And was the holy Lamb of God,
On Englands pleasant pastures seen!
- And did those feet, William Blake

onsdag 20. april 2016

The Extinguished Fire - a miracle from the legend of Santa Agnese di Montepulciano

Today is the feast of Santa Agnese di Montepulciano (1268-1317). She renounced a worldly life and left a wealthy family to give herself to the service of Christ, and became a Dominican nun. (This is symbolized by the two dogs carrying torches in the portrait below, an image taken from a dream ascribed to the mother of Dominic de Guzman when pregnant with him.) She became very popular in Montepulciano and further off, and Catherine of Siena became one of her followers. For the general details of Agnese's life, I refer you to this older blogpost.

In this blogpost I wish to present you with a miracle from her vita, the hagiographical account of her life which was written by Raymond of Capua (c.1330-1399). Raymond served as rector of the monastery of Dominican nuns in Montepulciano from 1363 to 1367, and he also became the confessor of Catherine of Siena. He undertook to write a biography of Agnese, possibly inspired by his contact with nuns at Montepulciano who had themselves had contact with her around fifty years ago. Raymond might also have been impressed by the devotion to Agnese evident in the city where she was referred to as Santa Agnese. From his biography of her, we also see that he probably did think that she was indeed a vessel for God's miraculous power. At this time she had not been recognized by the papal authorities as a genuine saint, and Raymond's hagiography seeks to support her case for canonization. This was part of a recent trend within the Dominican order, that they promoted the cults of religious women from their ranks. This trend partly grew out of a genuine belief in the sanctity of these women, but it was also a way for the Dominican order to increase their own prestige.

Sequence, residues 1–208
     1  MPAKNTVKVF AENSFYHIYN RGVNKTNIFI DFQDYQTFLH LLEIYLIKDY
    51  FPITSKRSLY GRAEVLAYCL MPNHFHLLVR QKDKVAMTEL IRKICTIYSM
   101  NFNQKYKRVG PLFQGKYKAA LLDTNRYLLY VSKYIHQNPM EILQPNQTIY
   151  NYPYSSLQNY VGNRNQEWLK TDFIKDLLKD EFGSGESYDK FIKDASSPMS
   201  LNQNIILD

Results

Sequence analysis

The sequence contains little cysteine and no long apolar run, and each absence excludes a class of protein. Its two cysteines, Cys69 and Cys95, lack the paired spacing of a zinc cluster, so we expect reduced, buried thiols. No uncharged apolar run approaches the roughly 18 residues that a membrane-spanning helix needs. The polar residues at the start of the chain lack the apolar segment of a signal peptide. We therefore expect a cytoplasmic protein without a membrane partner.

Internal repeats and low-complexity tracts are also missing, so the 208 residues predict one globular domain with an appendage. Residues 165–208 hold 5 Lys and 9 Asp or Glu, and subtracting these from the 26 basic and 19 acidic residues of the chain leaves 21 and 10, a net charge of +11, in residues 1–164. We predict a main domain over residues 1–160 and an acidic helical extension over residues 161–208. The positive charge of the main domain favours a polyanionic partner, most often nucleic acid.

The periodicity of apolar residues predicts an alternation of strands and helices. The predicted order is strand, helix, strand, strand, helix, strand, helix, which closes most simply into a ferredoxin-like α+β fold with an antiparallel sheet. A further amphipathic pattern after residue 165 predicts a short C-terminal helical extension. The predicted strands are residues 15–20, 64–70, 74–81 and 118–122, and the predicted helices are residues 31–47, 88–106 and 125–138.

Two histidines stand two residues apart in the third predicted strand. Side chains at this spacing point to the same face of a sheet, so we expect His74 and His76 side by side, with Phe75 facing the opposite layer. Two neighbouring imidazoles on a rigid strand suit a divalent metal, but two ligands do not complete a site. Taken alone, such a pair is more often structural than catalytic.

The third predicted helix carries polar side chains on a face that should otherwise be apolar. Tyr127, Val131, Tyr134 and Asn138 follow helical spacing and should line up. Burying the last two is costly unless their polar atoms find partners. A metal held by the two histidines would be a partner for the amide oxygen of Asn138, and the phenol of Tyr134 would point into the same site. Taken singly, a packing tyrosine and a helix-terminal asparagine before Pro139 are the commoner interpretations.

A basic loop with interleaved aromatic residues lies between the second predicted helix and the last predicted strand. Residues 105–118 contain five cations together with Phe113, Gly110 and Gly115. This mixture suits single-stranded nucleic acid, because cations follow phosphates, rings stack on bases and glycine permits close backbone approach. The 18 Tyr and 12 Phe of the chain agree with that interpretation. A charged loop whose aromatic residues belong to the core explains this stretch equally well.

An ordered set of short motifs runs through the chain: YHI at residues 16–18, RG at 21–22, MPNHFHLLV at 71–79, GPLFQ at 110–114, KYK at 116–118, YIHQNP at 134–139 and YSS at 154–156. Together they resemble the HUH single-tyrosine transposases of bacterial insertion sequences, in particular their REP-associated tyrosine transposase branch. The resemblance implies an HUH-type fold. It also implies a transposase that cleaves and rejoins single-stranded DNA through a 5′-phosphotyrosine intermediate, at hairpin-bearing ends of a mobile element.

I hope to return to Raymond of Capua's book on Agnese in later blogposts, but for now I will be content with present a miracle from the third part of Raymond's book. This part is concerned with the miracles wrought after Agnese's death, and the miracle in question comprises the sixth chapter


Agnes of Montepulciano with Dominican dogs, portrait on ceramic
Anonymous artist connected with the circle of Hernando de Valladares,
Second third of the 17th century, Museo de Bellas Artes, Sevilla
(Courtesy of Wikimedia)